Deasy and Quartz agreed that assessments should pay close attention to whether teachers have the skills to instruct kids on particular subject, or as Quartz put it, “understanding what’s going through a kid’s head when they’re trying to make sense of fractions.” Deasy agreed, noting that teachers need to catch “miscues” of when a smart student fails to understand because of the teaching methodology, rather than simply because he or she didn’t get it. Deasy admitted in Q&A that at times in the classroom, “I missed the point where I could have re-taught.”
How public should evaluations be?
The Times’ story was especially controversial for making the information so public – the panelists agreed that value-added scores shouldn’t be so wide open, but disagreed on the level of access. Cruz argued that parents should be able to access information about their kids’ teachers. He noted that currently, parents who approach him rely primarily on anecdotal information about teachers, making it harder for them to make decisions for their children. “We want low-income communities to behave like middle-class communities. If they don’t like this school, they move to another community. If they don’t like the public school system, they put them in a private school system,” he said. “The more information we give them – it’s going to lead to better results.” He also pointed out that more parents need to be better engaged in surveys, since fewer than a fifth of parents responded to the last school report card survey, and the great majority of those praised the school. “Parents tend to be loyal to schools and teachers, and those surveys come out really positive,” he said. Teachers need to be more engaged with parents as well, Cruz said during Q&A, noting that in one project he worked on, teachers wouldn’t give parents their work email addresses. “There has to be another way of engaging parents rather than just sending newsletters,” he said.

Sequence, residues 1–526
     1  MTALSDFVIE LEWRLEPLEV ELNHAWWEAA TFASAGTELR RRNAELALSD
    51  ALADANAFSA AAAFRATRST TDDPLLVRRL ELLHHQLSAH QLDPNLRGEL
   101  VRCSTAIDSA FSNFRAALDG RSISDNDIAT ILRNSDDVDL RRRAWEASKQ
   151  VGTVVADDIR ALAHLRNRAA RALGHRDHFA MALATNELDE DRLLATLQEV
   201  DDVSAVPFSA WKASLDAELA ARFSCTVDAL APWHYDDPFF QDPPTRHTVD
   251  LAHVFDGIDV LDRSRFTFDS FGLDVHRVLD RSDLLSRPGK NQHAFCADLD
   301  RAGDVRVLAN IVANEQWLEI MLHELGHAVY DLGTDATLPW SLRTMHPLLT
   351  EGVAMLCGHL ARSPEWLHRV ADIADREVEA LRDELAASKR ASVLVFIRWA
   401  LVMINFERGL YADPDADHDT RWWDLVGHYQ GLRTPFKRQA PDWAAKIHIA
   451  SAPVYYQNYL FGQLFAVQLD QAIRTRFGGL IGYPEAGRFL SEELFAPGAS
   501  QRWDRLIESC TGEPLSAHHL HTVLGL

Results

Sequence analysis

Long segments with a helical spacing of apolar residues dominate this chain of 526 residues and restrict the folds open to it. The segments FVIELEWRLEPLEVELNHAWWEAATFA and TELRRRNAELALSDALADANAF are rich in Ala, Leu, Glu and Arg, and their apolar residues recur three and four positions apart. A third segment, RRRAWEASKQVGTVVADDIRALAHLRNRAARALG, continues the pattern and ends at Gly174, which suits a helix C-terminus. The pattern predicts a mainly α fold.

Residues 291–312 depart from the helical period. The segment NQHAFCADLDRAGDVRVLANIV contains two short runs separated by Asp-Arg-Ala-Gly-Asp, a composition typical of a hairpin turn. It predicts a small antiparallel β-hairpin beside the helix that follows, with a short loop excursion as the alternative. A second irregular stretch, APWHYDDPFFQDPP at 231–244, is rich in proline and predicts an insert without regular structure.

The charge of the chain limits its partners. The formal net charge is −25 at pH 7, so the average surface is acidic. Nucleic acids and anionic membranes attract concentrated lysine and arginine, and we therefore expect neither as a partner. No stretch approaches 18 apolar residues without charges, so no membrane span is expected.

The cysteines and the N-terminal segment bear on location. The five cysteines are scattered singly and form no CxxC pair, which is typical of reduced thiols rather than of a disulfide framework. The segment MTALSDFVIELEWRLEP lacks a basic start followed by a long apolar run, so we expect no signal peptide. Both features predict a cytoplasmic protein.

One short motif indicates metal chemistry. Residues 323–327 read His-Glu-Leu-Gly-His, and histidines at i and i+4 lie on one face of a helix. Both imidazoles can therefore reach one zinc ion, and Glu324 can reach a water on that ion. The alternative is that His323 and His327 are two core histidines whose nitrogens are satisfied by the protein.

Quartz noted that “we’re public schools. We belong to the public.” But she emphasized that professional reviews should be responsibly released, and that for parents to have the information could be damaging – even though she agreed that parents need more information, and multiple measures. “Every measurement has an error,” she said. “Observations have lots of errors. It might be Monday, or someone’s sick.”
Deasy agreed that teacher performance reviews shouldn’t be made public. “I don’t get to see an individual pilot’s record of performance when I step on United Airlines,” he said. He did note that a school-wide score should be available for parents. Cruz pointed out that such material can often have statistics that parents don’t understand.
What is an effective teacher?
Freedberg noted that for all the talk of teacher effectiveness, it’s hard to say what an effective teacher looks like. “You need to know what we’re measuring, what we’re looking for,” he said. Referring to his own children’s experience, he added, “I want them to do well, but I also want them to be enthusiastic. I want the teacher to motivate. That’s the most important thing.”
Quartz said that there is significant professional consensus, including national and state teacher standards. “I don’t believe we should get tripped up waiting for the holy grail of the effectiveness of the teacher,” she said. Deasy noted that No Child Left Behind, while it did increase schools’ focus on minority students, it narrowed the idea of what makes a good teacher to simply improved test scores. “Luckily, we have such a well-designed and happy Congress that they can reauthorize it this upcoming session,” he joked. He noted too that good teaching has something in common with obscenity: “I’ll know it when I see it…. There is a science and an art to good teaching.”
Concluding in Q&A with comments on teacher education, Quartz and Deasy discussed how we regard teachers in the country. As Quartz said, organizations like Teach for America are transforming the way teachers are made, sometimes for the worse. They think, she explained, “you just need to be smart and come from an Ivy League school and you’re going to be a great teacher.”
Deasy added that teachers may just need more appreciation: “I don’t think we hold teachers in the esteem or prestige they deserve in this country. It is not an iconic profession.”
*Photos by Aaron Salcido.